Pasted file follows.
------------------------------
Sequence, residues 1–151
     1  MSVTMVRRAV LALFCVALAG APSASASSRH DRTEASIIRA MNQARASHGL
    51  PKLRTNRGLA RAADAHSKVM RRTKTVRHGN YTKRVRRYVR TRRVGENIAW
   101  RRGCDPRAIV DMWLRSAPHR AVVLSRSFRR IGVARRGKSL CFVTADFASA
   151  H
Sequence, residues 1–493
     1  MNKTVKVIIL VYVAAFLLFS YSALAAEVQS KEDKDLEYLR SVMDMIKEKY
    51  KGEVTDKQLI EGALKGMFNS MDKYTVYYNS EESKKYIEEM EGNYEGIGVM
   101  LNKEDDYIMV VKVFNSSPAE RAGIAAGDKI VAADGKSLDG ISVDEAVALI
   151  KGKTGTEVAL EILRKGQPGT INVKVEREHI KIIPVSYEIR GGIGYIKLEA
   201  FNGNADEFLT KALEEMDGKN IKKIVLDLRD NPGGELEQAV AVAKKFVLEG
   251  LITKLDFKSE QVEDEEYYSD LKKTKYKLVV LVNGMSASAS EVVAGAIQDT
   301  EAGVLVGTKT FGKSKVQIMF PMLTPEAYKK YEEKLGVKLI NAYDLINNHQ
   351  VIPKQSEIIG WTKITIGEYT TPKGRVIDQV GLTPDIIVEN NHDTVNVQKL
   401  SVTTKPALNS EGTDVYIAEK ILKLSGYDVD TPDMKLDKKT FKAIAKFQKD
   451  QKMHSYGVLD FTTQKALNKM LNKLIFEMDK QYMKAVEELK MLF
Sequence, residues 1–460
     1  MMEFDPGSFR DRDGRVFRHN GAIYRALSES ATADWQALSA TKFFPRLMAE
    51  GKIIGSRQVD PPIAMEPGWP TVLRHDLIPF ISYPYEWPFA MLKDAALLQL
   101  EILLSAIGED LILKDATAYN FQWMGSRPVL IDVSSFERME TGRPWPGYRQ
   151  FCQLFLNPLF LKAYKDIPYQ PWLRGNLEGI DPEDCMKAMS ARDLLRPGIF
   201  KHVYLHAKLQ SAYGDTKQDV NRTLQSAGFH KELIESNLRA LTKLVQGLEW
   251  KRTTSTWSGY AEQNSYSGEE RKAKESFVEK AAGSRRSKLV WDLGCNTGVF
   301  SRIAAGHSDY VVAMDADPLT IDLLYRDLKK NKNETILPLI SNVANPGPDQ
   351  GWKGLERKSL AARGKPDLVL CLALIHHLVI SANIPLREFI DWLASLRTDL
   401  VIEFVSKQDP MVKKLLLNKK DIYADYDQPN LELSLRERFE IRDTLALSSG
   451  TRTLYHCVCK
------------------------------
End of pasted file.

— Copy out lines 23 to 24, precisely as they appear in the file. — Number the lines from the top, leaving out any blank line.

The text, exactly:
   251  KRTTSTWSGY AEQNSYSGEE RKAKESFVEK AAGSRRSKLV WDLGCNTGVF
   301  SRIAAGHSDY VVAMDADPLT IDLLYRDLKK NKNETILPLI SNVANPGPDQ